Volunteer Bird Surveyors Needed
Keeping track of the fortunes of birds on the Ribble is no easy task, its an enormous area to cover, and to make things harder its not always accessible. We run various programs, from specific species success, to full breeding species lists. This breeding season brings challenges of new areas (Crossens inner marsh) and an increased effort on target species. There is no way we can cover all we want to without help from our team of monitoring volunteers. We are currently seeking new volunteers to join the team, with various levels of commitment needed.
What you need:
Basic bird identification skills are needed for most studies, however, some can be made relatively simple - its more important that you are keen. You will need to be relatively fit to visit some areas, we do however have some very accessible sites.
Why help monitor
Monitoring species success and abundance helps us understand on a local and national level what management and external factors are effecting our wildlife. Locally the results can change management such as cattle numbers, planned works and habitat restoration. The data feeds into national data sets, allowing for the 'big picture' to be developed and answer questions on climate change, farming practises and more.
What you get
As well as the warm 'doing your bit' feeling, you will get to know an area or family of birds very well. The attention needed to monitor leads to experiencing many magical wildlife moments, not normally found while birdwatching. We will also provide all the training and equipment you need.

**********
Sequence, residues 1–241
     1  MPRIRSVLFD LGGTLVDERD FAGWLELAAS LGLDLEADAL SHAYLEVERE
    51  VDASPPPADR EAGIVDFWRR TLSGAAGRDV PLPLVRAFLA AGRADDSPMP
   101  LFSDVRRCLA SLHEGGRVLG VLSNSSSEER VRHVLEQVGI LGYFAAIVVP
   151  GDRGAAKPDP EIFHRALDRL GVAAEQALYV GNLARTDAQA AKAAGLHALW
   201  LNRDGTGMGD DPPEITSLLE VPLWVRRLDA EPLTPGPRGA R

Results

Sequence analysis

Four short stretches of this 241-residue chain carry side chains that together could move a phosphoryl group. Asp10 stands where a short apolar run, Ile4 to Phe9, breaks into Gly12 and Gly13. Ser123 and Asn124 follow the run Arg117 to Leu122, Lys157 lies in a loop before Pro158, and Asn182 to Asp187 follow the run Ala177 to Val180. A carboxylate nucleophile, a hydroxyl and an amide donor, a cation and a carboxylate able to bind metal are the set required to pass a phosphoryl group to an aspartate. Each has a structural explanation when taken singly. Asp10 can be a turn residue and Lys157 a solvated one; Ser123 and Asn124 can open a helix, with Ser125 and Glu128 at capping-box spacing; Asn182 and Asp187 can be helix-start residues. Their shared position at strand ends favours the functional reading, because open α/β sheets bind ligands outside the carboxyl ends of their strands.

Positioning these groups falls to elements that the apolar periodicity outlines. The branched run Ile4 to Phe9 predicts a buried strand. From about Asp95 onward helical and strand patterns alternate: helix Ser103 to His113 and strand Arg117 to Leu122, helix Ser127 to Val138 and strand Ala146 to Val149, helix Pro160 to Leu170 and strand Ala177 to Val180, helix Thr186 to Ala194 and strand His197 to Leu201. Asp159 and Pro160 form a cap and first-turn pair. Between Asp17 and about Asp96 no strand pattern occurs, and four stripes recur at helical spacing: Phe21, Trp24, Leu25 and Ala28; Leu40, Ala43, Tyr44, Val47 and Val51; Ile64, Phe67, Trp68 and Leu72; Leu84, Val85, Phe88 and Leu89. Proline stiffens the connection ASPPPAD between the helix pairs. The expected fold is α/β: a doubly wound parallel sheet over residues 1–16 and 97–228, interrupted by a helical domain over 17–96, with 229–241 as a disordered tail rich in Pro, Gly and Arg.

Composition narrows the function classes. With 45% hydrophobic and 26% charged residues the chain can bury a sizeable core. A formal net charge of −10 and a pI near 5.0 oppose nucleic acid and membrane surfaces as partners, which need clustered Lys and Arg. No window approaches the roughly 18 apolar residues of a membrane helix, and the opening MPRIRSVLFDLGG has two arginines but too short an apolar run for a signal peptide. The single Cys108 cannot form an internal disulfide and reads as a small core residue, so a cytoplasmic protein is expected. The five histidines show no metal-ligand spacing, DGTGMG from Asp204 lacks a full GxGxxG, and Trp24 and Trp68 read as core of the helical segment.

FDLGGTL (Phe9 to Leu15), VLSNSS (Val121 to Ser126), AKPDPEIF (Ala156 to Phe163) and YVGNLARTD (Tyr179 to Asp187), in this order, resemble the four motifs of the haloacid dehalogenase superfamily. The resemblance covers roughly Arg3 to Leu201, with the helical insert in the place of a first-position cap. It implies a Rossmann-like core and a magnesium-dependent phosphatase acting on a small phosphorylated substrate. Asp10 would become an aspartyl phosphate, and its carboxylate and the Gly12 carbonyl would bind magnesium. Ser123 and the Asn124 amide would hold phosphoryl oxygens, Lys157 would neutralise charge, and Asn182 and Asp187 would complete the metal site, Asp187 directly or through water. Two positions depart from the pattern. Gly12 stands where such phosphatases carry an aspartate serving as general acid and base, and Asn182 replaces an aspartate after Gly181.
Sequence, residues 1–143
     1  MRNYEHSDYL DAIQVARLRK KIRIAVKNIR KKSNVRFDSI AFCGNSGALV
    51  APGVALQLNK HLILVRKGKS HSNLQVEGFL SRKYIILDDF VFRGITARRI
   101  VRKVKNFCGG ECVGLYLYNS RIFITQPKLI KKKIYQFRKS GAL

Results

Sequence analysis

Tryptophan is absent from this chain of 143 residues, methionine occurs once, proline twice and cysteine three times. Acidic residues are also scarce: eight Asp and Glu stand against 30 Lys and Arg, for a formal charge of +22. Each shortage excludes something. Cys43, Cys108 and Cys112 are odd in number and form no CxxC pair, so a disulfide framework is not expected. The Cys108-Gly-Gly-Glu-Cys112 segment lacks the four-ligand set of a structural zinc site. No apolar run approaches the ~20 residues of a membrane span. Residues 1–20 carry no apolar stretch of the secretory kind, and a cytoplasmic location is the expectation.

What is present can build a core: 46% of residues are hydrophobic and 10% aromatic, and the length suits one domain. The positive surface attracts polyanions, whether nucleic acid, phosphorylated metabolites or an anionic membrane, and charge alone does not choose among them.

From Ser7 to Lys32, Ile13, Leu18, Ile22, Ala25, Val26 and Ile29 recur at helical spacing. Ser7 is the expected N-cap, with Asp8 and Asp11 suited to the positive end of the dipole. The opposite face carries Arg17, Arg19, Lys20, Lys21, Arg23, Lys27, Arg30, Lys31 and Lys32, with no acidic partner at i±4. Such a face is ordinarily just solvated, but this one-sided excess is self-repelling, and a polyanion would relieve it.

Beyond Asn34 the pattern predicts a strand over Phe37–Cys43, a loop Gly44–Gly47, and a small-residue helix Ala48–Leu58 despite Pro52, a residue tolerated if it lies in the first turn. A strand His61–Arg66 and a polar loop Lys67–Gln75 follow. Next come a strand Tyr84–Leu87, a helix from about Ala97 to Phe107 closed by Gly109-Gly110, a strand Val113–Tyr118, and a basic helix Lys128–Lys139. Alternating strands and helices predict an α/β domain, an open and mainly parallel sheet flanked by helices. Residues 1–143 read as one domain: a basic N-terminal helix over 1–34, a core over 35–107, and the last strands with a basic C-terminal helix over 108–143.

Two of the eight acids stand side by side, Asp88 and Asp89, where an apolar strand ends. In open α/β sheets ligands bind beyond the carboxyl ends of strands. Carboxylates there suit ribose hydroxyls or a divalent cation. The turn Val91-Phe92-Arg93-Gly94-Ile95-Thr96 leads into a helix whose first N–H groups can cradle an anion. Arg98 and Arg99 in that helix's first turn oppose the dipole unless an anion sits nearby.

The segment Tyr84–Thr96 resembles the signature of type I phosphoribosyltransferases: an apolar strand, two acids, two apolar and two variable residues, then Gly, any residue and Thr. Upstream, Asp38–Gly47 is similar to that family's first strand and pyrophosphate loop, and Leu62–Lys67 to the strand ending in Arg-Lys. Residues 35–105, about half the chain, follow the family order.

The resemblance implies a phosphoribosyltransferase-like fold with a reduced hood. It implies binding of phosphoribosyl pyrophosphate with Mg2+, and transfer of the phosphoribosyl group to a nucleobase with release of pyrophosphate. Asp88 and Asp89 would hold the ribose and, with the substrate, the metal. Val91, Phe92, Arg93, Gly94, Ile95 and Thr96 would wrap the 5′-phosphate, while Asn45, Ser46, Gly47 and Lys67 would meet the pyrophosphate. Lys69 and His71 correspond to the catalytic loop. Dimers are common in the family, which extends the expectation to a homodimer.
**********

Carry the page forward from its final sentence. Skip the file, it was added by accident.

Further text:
Example Roles (1 or more)
Help us understand the decline in redshank population on the Ribble and nationally. We will be increasing our redshank monitoring from 2020, with new plots across the inner and outer marshes. We will be recording how many birds have how many nests and fledge how many chicks. Could you take on a redshank plot or two?
Once a week: March to July
Our lapwing monitoring will be expanded to include Crossens inner marsh. Knowing how well this target species does is fundamental to wetland management. We will be recording how many birds have how many nests and fledge how many chicks. Could you keep an eye on a nesting lapwing plot?
Once a Week: March to July
The avocet was the first bird to return to breed in the UK following the RSPB's conservation work. The species has now returned to Hesketh Out Marsh, an area that was arable fields a few years ago. We will be recording how many birds have how many nests and fledge how many chicks. Could you keep an eye on avocet families?
If you are interested in taking part in taking part in any of these studies, please get in touch : Wes.firstname.lastname@example.org
Redshank, lapwing, avocet and Arctic tern chick images: WesDavies
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